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A Reprehensible Man

Originally published July 28, 2005

The other day I spoke at a conference on unstructured data and what one does with it. As a standard practice with conferences, the feedback from the audience was forwarded to me. One of the attendees stated—“I find the implication that management will read our email to be offensive.” The implication was that I was a reprehensible person for even suggesting that corporate management should examine the communications channels of the corporation.

Let’s examine the realities. First, and you don’t have to agree with me on this, the truth is that corporate management has the legal right to look at all corporate communications, including email. This is not an opinion—this is a fact.

Second, recent studies indicate that corporations are doing exactly that—looking at employee email. A recent ProofPoint study indicates that today corporations of more than 1,000 people hire monitors to look at email at the rate of 36 percent. The same survey indicates that the number is projected to reach 62 percent. This means that almost two thirds of the corporations in America are already exercising their rights to look at employee email.

As further evidence, a recent USA Today article (Tuesday, June 14, 2005, Money) cited another study done by the American Management Association and the ePolicy Institute whose results showed that today 55 percent of corporations retain and review employee email.

So obviously employees  are being naďve if they believe that corporations will not monitor their email.

Reality—corporate email belongs to the corporation and as such, management has the right to monitor it. Most companies have a corporate email policy which also encompasses other employee communications. The policy advises all employees that there is no right to privacy in these communications.

There are good reasons for corporations to monitor what their employees are communicating. Some of the reasons why corporations want to have this surveillance are:

  • Terrorism: It is incredible to think that an employee has the right to use corporate email to plot an act of terrorism. The corporation has every right to know if there is any hint of terrorist activities, going through its email system.
  • Regulation: Corporate management has a legal obligation to know what is being said by the corporation, including those communications that flow through the email environment. This is not optional, although a lot of corporations have yet to understand their legal obligations in this area. Sarbanes Oxley, HIPAA and Basel II—are just a few examples.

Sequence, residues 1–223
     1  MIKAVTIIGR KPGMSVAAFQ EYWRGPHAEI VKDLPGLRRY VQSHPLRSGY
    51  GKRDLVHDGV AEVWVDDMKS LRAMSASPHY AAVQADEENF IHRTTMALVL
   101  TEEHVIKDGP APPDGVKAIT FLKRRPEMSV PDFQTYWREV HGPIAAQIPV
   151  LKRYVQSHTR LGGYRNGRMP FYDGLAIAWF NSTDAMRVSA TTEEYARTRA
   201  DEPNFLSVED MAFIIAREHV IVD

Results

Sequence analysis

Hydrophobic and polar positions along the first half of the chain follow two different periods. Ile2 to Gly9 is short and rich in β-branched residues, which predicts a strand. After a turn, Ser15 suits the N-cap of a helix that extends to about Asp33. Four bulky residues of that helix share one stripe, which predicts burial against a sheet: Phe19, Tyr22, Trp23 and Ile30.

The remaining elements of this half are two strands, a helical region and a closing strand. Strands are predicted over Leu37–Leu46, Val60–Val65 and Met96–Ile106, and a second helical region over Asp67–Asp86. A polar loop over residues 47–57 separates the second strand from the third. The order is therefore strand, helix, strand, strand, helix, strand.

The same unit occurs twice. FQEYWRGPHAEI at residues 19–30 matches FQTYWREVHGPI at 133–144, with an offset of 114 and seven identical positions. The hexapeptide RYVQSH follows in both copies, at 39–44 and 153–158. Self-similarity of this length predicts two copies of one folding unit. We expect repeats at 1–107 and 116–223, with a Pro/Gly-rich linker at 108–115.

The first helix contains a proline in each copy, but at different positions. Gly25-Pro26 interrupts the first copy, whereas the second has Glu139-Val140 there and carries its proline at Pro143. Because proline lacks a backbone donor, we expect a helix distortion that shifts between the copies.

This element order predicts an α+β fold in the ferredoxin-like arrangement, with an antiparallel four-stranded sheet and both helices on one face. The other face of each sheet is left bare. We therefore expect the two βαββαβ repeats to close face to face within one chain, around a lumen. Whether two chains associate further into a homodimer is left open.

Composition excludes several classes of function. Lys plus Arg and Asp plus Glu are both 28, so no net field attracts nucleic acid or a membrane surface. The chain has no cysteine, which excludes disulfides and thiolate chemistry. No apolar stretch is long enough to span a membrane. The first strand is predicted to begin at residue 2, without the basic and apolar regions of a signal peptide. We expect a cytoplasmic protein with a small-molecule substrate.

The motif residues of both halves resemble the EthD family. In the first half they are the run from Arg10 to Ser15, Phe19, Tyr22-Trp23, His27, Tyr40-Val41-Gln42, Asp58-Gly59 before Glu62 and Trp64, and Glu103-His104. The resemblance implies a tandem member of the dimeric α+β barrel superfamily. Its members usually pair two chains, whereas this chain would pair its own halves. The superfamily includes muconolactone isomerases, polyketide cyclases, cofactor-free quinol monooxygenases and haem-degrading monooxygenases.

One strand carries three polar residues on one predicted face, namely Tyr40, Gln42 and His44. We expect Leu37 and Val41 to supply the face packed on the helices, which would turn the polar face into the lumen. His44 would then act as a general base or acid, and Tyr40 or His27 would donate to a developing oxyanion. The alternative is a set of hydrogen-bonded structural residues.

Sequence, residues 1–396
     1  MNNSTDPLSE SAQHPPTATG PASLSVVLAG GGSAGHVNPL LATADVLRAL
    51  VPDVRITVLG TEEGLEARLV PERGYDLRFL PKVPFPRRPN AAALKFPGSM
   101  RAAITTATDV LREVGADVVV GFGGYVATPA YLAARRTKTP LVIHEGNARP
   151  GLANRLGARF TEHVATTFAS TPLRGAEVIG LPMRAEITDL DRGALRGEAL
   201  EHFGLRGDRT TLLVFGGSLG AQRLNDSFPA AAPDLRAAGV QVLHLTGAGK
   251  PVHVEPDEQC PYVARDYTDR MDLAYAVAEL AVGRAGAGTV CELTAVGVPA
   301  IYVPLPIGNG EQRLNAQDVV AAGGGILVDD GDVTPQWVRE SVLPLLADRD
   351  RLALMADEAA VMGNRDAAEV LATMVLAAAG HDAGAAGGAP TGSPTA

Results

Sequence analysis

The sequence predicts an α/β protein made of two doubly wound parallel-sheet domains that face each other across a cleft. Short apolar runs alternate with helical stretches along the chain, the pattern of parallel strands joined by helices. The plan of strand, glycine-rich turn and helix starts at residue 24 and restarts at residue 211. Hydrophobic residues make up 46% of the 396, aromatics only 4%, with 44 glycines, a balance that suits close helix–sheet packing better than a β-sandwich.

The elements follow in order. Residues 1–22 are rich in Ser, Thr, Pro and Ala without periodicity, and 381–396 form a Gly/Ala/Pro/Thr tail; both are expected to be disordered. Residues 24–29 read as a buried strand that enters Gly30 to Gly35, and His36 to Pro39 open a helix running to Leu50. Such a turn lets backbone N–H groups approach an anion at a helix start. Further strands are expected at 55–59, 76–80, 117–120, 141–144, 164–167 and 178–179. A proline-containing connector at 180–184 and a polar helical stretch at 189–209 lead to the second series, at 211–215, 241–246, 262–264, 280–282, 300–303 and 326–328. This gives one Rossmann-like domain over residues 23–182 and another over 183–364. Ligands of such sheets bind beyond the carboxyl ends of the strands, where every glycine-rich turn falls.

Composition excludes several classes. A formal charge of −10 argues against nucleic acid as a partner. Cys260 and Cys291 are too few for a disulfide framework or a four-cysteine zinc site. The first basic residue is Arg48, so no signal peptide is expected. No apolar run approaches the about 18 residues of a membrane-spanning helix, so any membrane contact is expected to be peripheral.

• Business: In some cases there is a significant liability associated with conversations made by corporate employees. For example, suppose a corporation dispenses medical advice over the phone or by email. This is an opportunity fraught with liability. It is strongly recommended and in the best interest of the corporation to know what is being said and to keep careful records.
  • Trade secrets or secret material: In many corporations there are trade secrets and secret material. The last thing the corporation wants is for its employees to reveal that information to others. It is in the corporation’s best interest to protect itself by monitoring employee email; and
  • Press leaks: on occasion sensitive financial information is uncovered. The corporation does not want this material leaked to the press. If it is leaked, the consequences may be great. It is in the corporation’s best interest to look at communications, including email.

It is not reprehensible for employers to monitor email. In fact, if employees want private email, they need to buy their own computers, buy their own software and sign up for their own Internet service. Then, and only then, are they entitled to email privacy. If they use corporate resources, they have no legal right to email privacy.

I am only the messenger. Please do not blame me for the contents of this message. For the person that said that looking at employee’s email was wrong, my message to you is that you need to pull your head out of the sand. Corporations have the "legal right" to monitor all employee email!

  • Bill InmonBill Inmon

    Bill is universally recognized as the father of the data warehouse. He has more than 36 years of database technology management experience and data warehouse design expertise. He has published more than 40 books and 1,000 articles on data warehousing and data management, and his books have been translated into nine languages. He is known globally for his data warehouse development seminars and has been a keynote speaker for many major computing associations.

    Editor's Note: More articles, resources and events are available in Bill's BeyeNETWORK Expert Channel. Be sure to visit today!

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